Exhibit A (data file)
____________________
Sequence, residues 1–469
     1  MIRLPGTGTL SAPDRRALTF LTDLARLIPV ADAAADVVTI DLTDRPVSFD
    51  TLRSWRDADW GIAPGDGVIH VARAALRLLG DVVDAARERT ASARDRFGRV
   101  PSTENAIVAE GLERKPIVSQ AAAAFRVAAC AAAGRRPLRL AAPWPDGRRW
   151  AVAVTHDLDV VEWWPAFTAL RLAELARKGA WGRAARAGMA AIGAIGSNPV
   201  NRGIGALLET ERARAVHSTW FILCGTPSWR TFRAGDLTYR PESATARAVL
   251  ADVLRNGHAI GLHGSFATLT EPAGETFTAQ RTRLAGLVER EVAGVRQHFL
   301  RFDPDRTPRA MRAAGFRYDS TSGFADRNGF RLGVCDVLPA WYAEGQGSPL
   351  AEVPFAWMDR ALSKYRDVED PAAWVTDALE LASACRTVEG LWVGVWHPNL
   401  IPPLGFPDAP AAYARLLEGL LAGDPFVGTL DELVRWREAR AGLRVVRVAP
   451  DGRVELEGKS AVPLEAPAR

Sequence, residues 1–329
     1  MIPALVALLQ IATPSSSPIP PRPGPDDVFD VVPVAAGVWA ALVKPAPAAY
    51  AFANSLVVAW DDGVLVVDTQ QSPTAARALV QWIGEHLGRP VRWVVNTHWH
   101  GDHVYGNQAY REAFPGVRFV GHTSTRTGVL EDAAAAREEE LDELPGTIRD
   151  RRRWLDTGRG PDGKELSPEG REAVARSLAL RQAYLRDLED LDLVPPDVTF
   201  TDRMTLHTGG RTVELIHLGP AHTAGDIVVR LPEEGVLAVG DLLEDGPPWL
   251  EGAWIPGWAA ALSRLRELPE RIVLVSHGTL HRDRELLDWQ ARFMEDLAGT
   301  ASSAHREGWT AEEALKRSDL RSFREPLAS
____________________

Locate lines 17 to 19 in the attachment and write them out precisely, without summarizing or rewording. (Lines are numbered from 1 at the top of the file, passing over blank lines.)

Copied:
   201  TDRMTLHTGG RTVELIHLGP AHTAGDIVVR LPEEGVLAVG DLLEDGPPWL
   251  EGAWIPGWAA ALSRLRELPE RIVLVSHGTL HRDRELLDWQ ARFMEDLAGT
   301  ASSAHREGWT AEEALKRSDL RSFREPLAS